Product managers guide the various associates and other team members in identifying issues such as drug distribution, price, forecasting and strategy, as well as creating a brand image for a new drug. Essentially, they have to learn about every element of every single drug that their company makes and they have to be able to deal with the possibility that, after all of that, the company may decide not to run it. However, the position is also incredibly dynamic and profitable and most see it as a hugely exciting career. When working for a large pharmaceutical company such as Novartis, a product manager can earn as much as $119,147 per year, or $130,376 with bonuses, according to Glassdoor.

6. Strategy Director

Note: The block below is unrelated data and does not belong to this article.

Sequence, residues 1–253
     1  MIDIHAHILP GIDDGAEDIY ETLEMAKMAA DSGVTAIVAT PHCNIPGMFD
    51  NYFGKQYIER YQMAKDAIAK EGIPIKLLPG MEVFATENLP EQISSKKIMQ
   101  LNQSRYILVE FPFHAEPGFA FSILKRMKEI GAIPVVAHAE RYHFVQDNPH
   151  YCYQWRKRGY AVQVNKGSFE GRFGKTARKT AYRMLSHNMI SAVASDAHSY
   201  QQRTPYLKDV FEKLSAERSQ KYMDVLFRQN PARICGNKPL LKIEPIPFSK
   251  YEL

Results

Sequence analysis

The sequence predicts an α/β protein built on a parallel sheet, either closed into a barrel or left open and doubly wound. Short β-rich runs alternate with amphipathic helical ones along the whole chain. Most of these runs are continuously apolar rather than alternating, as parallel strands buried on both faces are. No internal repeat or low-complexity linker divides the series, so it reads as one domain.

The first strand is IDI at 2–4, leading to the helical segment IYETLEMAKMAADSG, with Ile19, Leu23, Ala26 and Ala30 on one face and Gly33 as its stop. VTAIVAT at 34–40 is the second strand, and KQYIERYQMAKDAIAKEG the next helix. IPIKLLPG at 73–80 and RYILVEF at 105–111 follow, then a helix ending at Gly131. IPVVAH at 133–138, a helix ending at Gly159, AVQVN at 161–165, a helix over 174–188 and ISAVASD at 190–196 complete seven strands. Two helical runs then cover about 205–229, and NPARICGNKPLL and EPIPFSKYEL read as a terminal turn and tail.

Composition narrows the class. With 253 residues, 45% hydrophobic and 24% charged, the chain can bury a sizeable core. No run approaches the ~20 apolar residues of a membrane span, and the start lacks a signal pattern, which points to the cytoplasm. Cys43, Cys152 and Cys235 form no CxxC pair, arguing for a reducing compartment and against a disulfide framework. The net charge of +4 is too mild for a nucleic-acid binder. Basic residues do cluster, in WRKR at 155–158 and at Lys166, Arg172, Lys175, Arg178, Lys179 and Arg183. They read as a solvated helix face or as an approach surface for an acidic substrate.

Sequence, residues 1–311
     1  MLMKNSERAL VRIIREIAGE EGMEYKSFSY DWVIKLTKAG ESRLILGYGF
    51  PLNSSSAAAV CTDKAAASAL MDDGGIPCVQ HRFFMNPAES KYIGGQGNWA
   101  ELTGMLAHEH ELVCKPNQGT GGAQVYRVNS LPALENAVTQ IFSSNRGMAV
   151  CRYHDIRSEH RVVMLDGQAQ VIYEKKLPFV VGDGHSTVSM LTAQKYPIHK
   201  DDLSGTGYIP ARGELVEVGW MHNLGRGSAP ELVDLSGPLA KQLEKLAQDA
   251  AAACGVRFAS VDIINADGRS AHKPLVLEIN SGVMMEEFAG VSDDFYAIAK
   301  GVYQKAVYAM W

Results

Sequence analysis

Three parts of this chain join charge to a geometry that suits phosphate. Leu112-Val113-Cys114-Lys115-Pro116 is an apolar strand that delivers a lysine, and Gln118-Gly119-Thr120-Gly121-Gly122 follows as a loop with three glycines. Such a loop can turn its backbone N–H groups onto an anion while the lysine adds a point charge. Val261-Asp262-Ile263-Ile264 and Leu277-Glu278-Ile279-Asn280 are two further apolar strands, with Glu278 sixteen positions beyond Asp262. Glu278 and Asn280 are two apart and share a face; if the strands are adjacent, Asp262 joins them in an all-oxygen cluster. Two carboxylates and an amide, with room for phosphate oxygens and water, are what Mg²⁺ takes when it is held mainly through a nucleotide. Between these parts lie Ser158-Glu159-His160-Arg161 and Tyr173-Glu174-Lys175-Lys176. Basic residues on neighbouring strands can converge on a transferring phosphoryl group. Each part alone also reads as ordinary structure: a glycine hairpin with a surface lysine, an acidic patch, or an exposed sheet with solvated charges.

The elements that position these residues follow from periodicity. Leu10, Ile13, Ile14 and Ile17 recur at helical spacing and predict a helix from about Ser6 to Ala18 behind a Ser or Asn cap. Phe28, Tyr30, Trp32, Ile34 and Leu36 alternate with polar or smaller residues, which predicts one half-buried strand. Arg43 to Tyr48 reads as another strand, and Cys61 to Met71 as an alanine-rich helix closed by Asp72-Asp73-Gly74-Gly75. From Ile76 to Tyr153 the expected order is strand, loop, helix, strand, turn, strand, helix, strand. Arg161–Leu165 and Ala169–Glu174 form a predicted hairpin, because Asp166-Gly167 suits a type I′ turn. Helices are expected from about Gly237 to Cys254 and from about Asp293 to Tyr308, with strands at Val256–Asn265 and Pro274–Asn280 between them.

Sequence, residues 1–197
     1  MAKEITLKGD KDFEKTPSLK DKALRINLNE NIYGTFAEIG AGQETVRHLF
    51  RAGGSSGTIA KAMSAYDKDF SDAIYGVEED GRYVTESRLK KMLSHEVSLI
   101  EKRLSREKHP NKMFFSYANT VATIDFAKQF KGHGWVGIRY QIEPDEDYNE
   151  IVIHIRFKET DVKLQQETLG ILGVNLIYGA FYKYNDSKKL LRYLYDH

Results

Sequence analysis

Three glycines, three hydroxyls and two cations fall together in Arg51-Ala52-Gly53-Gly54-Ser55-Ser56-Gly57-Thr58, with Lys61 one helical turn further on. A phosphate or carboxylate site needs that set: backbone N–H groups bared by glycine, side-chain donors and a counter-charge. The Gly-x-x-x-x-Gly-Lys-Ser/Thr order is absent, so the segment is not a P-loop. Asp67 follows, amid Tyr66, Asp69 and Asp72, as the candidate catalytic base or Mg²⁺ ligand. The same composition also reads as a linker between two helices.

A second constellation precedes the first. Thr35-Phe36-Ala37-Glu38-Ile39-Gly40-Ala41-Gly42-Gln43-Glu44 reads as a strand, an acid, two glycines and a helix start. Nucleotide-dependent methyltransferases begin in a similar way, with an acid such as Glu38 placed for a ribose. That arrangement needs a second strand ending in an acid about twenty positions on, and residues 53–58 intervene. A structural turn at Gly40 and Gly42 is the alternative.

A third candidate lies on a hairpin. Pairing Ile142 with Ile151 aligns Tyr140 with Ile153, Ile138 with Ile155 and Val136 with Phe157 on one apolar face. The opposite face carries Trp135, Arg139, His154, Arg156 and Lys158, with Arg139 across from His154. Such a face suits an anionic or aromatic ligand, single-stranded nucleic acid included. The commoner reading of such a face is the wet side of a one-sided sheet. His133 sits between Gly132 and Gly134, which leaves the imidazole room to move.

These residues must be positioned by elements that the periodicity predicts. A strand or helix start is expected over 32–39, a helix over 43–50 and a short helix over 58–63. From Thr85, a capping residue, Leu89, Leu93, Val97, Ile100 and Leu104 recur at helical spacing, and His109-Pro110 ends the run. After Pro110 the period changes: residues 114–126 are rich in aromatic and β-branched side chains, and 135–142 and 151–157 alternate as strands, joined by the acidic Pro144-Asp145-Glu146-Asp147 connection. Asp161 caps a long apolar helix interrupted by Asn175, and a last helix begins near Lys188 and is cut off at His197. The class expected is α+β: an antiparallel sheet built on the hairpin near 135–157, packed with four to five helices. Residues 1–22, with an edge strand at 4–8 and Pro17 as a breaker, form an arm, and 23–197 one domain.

The strategy directors of a pharmaceutical company ensure the commercial potential of a therapeutic area or product is maximized as much as possible. They perform both qualitative and quantitative assessments of treatment trends and diseases, as well as looking for new opportunities to expand their share in the market and become more competitive. Usually, they work hand in hand with business development, marketing analytics and finance. According to Glassdoor, a strategic director for a large pharmaceutical company like Novartis would earn around $144,081 per year before bonuses.

7. Business Development Manager

Business development managers will look at whether new business opportunities are viable and how these align with the product divisions within and overall strategies of the pharmaceutical company they work for. They look at possibilities for in- and out-licensing, joint ventures and other collaborative deals. The perfect candidate for this job must have particularly strong analytical skills. It is not uncommon for an organization to look for people who hold a Ph.D. for this role. In a large pharmaceutical organization like Novartis, a business development manager could earn $86,000 per year according to CareerBliss.